Sutekh Collected Remixes 1999-2005 Review

Released 2005.  

BBC Review

Disk one's unwelcome sense of mechanical tokenism is replaced on disk two by a...

Colin Buttimer 2002

Listening to Sutekh's Collected Remixes prompts a number of questions such as 'Does the world need another remix album?' And 'How many remixes are in anyone's top 20 desert island discs?'. The first disc of this double CD release collects Sutekh's more recent work for the likes of Ben Neville, Hanne Hukkelberg, Murcof and Ammoncontact. Having heard only one of the original tracks it's difficult to comment upon the extent of the reconstruction, although notes on the cover such as 'composed of various sounds from the album ...' suggests that this is at least at times extensive.

Hanne Hukkelberg's "Ease" opens proceedings. The singer delivers a nonchalant narrative seemingly straight to camera/microphone. Its backing sounds like a club take on Steve Reich, nothing particularly unusual in that, but the execution is deft and the overall experience a pleasure, the open secret being the singer's character. From there, however, it's a downward slope. "Absencen" by Kammerflimmer is a slice of contemporary breakbeat electronics lacking a raison d'etre. The same may be observed of most of the rest of the disc. I disliked it on first listen, finding it clever, but oddly perfunctory. A lot of care has evidently been put into each track, but the result seems drained of life, a bloodless exercise in form and possibility that lacks even the ghost of a beating heart at its centre. Further listens have added little to improve upon these first impressions.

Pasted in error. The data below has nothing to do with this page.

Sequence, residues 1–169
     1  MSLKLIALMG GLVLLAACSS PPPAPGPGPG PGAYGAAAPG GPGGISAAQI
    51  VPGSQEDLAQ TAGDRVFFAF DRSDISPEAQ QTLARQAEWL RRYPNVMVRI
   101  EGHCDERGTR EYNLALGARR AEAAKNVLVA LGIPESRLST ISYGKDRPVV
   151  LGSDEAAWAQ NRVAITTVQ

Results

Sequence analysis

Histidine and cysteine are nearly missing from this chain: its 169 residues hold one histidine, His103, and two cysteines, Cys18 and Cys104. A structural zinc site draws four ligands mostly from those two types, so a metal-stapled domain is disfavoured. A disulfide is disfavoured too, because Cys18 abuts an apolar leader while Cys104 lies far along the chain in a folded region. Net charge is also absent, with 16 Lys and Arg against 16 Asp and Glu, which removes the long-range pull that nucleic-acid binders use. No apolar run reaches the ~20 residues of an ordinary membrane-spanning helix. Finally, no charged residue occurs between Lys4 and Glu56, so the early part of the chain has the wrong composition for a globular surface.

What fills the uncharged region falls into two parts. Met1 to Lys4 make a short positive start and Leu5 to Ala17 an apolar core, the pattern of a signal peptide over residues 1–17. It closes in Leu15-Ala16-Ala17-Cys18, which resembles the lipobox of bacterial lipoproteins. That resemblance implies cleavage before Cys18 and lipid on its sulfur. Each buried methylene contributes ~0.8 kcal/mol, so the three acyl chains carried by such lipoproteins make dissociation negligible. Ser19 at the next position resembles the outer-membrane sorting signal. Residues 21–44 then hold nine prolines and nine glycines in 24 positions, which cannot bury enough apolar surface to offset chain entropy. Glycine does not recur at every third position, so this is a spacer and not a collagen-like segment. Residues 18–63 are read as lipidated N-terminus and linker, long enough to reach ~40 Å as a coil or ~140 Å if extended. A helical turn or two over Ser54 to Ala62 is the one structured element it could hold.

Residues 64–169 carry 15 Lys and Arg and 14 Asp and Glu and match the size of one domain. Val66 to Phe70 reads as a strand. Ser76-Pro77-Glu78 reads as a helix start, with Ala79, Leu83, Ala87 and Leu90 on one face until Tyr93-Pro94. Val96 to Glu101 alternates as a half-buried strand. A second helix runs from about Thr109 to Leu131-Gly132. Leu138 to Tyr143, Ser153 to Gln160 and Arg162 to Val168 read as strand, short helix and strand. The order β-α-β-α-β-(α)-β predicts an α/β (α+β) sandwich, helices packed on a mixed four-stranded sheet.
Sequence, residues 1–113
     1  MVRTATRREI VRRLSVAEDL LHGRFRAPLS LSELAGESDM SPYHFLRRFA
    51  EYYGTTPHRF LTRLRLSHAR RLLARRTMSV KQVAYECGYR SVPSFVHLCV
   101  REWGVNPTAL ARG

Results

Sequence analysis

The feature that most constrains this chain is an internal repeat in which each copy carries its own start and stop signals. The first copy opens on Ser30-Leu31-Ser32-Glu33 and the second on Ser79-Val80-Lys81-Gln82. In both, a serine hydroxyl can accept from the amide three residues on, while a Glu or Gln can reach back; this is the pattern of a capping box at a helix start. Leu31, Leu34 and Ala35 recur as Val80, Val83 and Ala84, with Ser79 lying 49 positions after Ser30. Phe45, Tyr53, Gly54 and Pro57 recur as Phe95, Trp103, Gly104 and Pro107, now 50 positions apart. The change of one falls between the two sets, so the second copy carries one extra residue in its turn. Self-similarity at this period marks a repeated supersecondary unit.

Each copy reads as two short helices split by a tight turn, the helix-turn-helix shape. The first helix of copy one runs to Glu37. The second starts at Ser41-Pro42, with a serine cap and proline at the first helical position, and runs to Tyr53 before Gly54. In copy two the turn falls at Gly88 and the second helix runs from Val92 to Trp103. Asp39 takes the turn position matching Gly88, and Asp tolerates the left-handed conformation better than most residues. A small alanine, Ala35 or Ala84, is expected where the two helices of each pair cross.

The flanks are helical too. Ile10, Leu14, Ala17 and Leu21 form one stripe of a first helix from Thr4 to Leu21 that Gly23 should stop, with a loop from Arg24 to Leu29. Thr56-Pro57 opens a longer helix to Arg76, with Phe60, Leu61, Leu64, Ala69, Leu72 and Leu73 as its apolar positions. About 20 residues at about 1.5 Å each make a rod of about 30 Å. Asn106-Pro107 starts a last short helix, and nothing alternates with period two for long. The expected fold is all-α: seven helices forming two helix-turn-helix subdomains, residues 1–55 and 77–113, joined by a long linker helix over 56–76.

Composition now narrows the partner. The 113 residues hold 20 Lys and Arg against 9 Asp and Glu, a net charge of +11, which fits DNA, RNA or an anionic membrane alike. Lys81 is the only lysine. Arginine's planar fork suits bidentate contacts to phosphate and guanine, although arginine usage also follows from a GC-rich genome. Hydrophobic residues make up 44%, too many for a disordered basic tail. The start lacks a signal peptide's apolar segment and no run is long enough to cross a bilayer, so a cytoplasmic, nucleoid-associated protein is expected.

I therefore approached the second disc of older material with some trepidation. Artists put under the knife include Swayzak, Alva Noto, Twerk and Safety Scissors. Billed as more club-focused, I was really surprised by the quality of the 11 tracks on offer. Disk one's unwelcome sense of mechanical tokenism is replaced by a gorgeous minimalism paired to an unstoppable propulsiveness and a brilliant deployment of texture that's so tactile it prompts feelings of synaesthesia. Sutekh's Collected Remixes is a game of two halves if ever there was one. To return to the question of whether the world needs another remix album: not really, but in these times of surfeit (in the richer countries) Sutekh's earlier, leaner releases are an impressive pleasure.

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